Abstract| Volume 177, ISSUE 1, P47, August 2013

Sympathetic reinnervation and arrhythmia prevention following cardiac ischemia-reperfusion injury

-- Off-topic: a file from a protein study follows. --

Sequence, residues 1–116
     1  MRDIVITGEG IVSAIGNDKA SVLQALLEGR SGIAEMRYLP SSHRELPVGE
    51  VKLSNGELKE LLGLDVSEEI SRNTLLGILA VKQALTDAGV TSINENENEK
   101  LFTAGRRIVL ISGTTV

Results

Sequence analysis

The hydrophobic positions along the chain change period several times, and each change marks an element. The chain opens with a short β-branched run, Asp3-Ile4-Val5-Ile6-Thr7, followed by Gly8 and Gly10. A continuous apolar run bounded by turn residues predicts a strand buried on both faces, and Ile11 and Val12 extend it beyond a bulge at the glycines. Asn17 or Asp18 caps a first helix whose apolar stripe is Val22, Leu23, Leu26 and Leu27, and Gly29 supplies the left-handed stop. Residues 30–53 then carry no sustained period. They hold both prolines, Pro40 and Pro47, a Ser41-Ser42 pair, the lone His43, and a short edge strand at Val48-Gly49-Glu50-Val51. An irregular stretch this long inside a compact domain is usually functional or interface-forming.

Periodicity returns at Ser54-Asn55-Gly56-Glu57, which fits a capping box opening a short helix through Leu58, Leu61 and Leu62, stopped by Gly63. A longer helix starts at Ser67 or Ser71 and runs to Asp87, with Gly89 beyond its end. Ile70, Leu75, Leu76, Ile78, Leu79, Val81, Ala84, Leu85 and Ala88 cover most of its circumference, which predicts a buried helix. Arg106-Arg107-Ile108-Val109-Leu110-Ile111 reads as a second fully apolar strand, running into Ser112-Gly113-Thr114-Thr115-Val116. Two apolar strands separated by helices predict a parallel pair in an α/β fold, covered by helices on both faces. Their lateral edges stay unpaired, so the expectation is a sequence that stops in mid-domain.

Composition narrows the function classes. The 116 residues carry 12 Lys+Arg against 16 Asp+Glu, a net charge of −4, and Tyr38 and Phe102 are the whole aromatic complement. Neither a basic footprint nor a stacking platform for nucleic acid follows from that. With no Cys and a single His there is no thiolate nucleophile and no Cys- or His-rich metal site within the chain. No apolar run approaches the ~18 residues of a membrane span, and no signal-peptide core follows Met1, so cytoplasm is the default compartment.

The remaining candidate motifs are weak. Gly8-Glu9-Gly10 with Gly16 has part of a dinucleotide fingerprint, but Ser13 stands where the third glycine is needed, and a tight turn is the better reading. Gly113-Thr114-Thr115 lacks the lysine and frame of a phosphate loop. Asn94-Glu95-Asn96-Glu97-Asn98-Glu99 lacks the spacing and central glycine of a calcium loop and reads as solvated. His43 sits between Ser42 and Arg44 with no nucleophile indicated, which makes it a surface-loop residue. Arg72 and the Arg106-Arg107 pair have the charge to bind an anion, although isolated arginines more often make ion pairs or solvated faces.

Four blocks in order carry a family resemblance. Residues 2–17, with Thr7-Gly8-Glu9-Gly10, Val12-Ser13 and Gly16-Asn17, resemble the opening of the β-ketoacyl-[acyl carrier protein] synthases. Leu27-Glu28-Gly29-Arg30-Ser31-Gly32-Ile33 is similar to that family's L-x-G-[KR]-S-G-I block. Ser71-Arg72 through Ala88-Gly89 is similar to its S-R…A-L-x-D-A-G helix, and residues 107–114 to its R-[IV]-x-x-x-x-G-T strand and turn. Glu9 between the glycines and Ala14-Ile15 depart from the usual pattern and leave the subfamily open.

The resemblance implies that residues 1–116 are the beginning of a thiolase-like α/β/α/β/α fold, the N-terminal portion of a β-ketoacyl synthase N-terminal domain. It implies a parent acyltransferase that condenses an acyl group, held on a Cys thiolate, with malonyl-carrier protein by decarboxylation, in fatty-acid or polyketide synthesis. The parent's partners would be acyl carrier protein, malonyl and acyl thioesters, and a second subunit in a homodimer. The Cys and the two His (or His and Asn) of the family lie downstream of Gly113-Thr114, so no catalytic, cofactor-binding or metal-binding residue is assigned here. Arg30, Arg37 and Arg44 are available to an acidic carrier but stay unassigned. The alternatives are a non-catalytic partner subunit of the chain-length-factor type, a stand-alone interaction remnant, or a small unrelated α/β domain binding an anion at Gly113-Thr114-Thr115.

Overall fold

Sympathetic axons fail to regenerate into infarcted myocardium after cardiac ischemia-reperfusion (I-R) injury, which is surprising due to well documented sympathetic regeneration into other tissues. Sympathetic denervation of the heart is also associated with increased risk for ventricular arrhythmias and sudden cardiac death. We found that the inhibitory extra cellular matrix component, chondroitin sulfate proteoglycans (CSPGs), were present in the infarct after I-R. Protein tyrosine phosphatase receptor sigma (PTPRS) was recently identified as a receptor for CSPGs. To test directly if infarct-derived CSPGs prevented cardiac reinnervation, we carried out ischemia-reperfusion in ptprs-/- and ptprs+/- mice. Cardiac infarcts in ptprs-/- mice were hyperinnervated, while infarcts in ptprs+/- littermates were denervated, confirming that CSPGs prevent sympathetic reinnervation of the cardiac scar after I-R. Electrical properties of ptprs+/- and ptprs-/- mice were also examined following I-R using optical mapping. In addition to denervation of the infarct, ptprs+/- mice exhibit several indicators of rhythm instability, including calcium alternans during normal pacing and calcium elevation in response to isoproterenol. Reinnervated ptprs-/- mice, however exhibited normal calcium dynamics. Additionally, conscious, ambulatory ptprs-/- mice following I-R were less susceptible isoproterenol induced ventricular arrhythmias, as assessed by ECG telemetry. These results suggest that reinnervation of the heart after I-R injury stabilizes calcium handling and reduces the likelihood of ventricular arrhythmias.
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